• April 30, 2012 6:43 pm

      Thanks for the great thoughts, K.! You’ve put a number of important concepts into very few words… several significant observations. Unfortunately, our culture is not geared to much thoughtful reflection, and most people have lost the interest or patience needed for it. But there ARE pockets… some in formal education, some in public media–here and there, once in a while in a church (!), and hopefully more than I may think in personal conversations.

      To select just one of your themes, I love the song by James Twyman titled, “God has no religion.” Yes, religions are inevitable as organizing points for thoughts and social groupings, etc. And they CAN be positive, healthy places to foster mutual exploration and careful thinking about the nature of who we are, our purpose, and “who” or “what” has “created” us or the conditions needed for our emergence.

      My own slowly-arrived-at view is that whether we call that “being” God or something else, we DO need, both emotionally and scientifically, a realization of something beyond ourselves, bigger-than and yet not distant and barely accessible (if at all). Such a “God” is what we all exist within and, in a tough-to-grasp way, he/she is expanded and made greater by each of us. This God draws each of us through love and “persuasion,” having created the inner drive toward oneness and love. This God does not ever use coercion (threat of hell or eternal separation, e.g.) to scare us. Rather than “scare the hell out of us” he/she “loves the hell out of us.”

  2. K Nelson permalink
    May 1, 2012 1:56 pm

    So Howard, do you know what religious claim is most predominant with our US voters? On a larger scale do you know what the most practiced religion is, the most populated? Not that the masses are going to change my heart, but I am curious as to what is all out there. Thanks for responding and delving a bit more on a personal level as well as giving more opinion to chew on. Talk again soon.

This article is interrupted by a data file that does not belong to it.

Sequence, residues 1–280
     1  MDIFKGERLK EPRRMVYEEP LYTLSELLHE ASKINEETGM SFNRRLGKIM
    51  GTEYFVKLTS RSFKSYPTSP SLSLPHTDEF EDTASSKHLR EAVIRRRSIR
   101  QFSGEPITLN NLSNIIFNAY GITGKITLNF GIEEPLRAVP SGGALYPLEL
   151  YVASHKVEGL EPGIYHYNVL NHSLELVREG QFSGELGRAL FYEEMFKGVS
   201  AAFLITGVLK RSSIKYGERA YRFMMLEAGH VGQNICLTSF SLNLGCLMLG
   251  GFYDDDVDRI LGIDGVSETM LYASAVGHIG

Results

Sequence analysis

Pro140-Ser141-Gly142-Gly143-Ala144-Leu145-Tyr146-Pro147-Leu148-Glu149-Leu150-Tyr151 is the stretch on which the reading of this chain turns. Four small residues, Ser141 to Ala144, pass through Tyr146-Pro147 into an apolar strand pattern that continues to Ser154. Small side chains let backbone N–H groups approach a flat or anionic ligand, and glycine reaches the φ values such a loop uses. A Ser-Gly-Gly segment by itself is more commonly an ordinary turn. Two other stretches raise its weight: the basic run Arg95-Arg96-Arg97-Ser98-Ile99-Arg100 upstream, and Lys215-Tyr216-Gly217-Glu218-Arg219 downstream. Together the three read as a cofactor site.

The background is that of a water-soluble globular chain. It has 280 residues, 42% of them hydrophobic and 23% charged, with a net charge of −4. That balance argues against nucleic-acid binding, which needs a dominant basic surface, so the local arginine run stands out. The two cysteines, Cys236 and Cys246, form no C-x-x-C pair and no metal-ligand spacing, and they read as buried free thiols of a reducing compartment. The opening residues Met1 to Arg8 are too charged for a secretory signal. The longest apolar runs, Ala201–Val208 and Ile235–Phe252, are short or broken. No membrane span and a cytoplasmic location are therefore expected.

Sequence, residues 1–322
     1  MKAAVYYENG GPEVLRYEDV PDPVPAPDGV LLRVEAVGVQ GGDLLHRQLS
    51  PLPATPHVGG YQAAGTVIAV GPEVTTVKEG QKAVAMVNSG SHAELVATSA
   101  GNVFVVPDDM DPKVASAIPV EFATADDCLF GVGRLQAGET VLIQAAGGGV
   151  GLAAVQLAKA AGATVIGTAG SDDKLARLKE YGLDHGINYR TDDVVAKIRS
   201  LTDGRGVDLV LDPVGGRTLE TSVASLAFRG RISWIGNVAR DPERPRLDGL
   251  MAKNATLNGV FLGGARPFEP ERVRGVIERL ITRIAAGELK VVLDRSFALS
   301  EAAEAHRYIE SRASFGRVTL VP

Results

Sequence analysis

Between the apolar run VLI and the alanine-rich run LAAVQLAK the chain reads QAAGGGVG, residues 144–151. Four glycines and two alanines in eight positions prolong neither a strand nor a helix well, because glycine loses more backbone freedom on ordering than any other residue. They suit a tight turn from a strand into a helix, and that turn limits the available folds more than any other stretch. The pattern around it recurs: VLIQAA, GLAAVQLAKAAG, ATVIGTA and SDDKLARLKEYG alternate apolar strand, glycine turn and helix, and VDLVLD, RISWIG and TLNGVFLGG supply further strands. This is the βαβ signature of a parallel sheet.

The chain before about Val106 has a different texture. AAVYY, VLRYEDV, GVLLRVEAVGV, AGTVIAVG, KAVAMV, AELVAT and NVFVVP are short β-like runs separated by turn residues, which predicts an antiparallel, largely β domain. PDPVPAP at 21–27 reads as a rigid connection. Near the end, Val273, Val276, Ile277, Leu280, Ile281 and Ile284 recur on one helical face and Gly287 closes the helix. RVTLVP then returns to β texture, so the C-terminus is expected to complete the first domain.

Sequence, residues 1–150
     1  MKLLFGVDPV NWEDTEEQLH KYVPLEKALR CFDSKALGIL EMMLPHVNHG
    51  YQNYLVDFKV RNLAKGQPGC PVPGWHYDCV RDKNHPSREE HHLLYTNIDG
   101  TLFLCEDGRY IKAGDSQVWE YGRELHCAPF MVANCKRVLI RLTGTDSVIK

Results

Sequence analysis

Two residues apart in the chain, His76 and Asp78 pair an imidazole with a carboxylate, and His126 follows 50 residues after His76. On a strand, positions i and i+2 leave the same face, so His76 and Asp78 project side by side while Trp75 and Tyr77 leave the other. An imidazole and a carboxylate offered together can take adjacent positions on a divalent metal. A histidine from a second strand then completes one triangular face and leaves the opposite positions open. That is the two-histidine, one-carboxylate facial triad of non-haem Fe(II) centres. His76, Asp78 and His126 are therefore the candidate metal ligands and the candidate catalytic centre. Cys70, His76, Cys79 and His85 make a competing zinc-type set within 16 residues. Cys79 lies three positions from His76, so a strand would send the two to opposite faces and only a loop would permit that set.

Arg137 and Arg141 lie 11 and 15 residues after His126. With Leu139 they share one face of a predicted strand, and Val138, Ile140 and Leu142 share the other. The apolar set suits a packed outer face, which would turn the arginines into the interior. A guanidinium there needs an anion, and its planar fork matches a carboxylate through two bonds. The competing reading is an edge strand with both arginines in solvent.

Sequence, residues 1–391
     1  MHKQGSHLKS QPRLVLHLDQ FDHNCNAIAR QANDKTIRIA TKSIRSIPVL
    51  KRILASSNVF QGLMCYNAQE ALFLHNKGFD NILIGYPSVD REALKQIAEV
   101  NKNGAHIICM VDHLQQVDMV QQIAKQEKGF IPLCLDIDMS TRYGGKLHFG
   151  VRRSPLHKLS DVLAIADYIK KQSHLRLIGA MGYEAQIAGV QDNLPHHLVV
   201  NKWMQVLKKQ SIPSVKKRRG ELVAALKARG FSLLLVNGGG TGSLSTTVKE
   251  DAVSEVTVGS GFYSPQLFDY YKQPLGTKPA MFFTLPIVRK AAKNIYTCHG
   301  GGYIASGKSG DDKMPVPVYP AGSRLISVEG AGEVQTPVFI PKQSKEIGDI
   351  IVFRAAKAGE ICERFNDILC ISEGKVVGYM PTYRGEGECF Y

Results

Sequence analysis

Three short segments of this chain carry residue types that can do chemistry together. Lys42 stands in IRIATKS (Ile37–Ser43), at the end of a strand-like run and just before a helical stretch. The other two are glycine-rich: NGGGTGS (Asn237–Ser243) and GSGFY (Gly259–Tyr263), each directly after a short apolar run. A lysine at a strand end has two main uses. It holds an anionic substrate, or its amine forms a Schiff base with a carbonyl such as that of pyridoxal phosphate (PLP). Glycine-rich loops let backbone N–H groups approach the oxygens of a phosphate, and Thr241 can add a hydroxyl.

• May 1, 2012 5:45 pm

      K, I’m not sure what you mean by “religious claim” here. If I catch your idea fairly closely, I would say predominant are “believers” with a primarily “literalist” approach to the Bible and with traditional (at least until the 1700’s, tho challenged since) beliefs of core dogmas. Their percent of the total population is high in the South and much of the Midwest, and their percent of all Christians is even higher there. The West (including SoCal where we live!) also has a strong element of this, tho the percentages are much lower.

      As to specific groups the “Southern Baptist Convention” (recently renamed as Great Commission Baptist, I’ve heard) is the largest single denomination of Protestants, at over 16 million, officially. Now, Roman Catholics are nearly 25% of the US population, at around 55-60M. Protestants, of widely varying beliefs, some very progressive, are about 110-120M. Of those, about 60-70M are Evangelicals (including most Baptists and many other denominations, plus a good segment of more liberal-trending denominations). Evangelicals themselves range from quite literalist and dogmatic to pretty open, with broader ways of understanding the Bible. As you may be getting from even this brief overview…, it’s very complicated!

      For what it’s worth, the United Methodist Church, which sponsors the Claremont School of Theology where I did PhD work, is the 2nd largest Prot. denomination, at about 13 or 14M. (I’ve personally not been Methodist, though I resonate positively with parts of their history and theology, especially the more recent Process Theology aspect, which is broader than just Methodist, for sure!)